This odd book about an odd man employed an eccentric technique to generate a thought-provoking biography. John Worthen leaned heavily on the diaries of Virginia Woolf to defend the reputation of her celebrated friend. Her antipathy to the wife of T.S. Eliot means that the great poet has a really sympathetic portrayal.
Relying too much on the brilliant Woolf as a witness has its risks. Her own instability means that she may not have been the most consistent judge of character. And her literary elitism could have led her to a bias towards the conservative American. Further, she might well have been afraid, jealous or resentful of others who occupied the sick role she shared.
Fortunately, Worthen was aware of the limitations of his effort. Like Eliot, he knew that “No one can be understood.” As a result, those who appreciate poetry can turn back to fragments of the poems:
“And I…must borrow every changing shape
To find expression- dance dance
Dance like a dancing bear,
Whistle like a parrot, chatter like an ape;
Let us take the air, in a tobacco trance.”
Some writers are their stories. They have witnessed remarkable things. They have overcome massive obstacles. Nevertheless, it is their personal literary style which separates them from ordinary survivors of trauma, poverty or discrimination. Maya Angelou is an inspirational author and teacher of this type.
Many readers will be familiar with her personal tale of suffering and abandonment. They will know her description of the terrifying American South during the Depression. However, they might not have read Mom & Me & Mom. This illuminating text revisits the complex dynamics of her tough family.
However, the later work does in part reveal that writers can find it hard to let go of their best material. Jeanette Winterson is another superb author who has kept raiding her early life for content when her most famous effort has been completed. However, Angelou developed a brilliant honesty which distinguished her from many of her contemporaries. Perhaps she inherited or copied this trait from her mother:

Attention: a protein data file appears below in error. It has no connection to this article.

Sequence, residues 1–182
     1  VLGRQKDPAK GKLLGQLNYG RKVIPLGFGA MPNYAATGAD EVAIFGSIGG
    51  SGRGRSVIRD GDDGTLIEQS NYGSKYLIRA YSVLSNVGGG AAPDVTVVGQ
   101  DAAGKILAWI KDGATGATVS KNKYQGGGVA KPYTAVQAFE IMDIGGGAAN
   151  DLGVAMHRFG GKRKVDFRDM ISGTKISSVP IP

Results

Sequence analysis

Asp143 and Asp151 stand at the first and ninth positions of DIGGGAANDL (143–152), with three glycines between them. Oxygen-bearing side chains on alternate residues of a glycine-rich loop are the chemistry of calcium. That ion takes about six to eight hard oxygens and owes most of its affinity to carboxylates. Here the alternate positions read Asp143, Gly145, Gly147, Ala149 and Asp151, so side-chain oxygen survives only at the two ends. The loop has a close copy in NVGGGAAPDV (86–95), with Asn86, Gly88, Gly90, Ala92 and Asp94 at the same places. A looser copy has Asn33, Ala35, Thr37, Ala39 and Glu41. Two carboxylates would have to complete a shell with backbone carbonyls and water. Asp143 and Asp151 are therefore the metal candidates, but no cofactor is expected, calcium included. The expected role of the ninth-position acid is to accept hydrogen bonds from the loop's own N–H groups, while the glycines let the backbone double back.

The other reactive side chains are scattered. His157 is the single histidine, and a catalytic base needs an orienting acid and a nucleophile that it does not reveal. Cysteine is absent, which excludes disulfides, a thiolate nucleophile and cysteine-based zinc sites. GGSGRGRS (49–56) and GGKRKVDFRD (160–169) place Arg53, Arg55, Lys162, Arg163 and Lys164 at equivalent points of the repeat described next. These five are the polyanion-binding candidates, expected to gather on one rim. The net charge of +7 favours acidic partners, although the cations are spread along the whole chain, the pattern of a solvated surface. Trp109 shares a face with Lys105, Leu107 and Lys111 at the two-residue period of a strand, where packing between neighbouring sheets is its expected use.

“Baby, now they are treating you as if you are a horse’s ass. Let me tell you something. All you have to do is get your work done. If these people live, they will come back to you. They may have forgotten how badly they treated you, or they may pretend that they have forgotten. But watch: They will come back to you.”
This biography was not written by a fan of the Prime Minister who tore up the rules of the political game. The pragmatism, cynicism and occasional unpleasantness of the Liberal orator are viewed through quite a censorious lens. Nonetheless, the achievements of Lloyd George as a pioneering Chancellor are not forgotten. The result is a complex text which is marked by the envy that a politician can harbour for a statesman.
Ideologically Roy Hattersley has few issues with the centrist Lloyd George. They both wanted to help the poor without bringing about a genuine social transformation. However, the admiration Lloyd George had for Keynesian economics and his contempt for the aristocracy meant that the Liberal did have a radical content. It was his antipathy to the socialism of the Labour Party which meant that some of his egalitarian rhetoric was deceptive.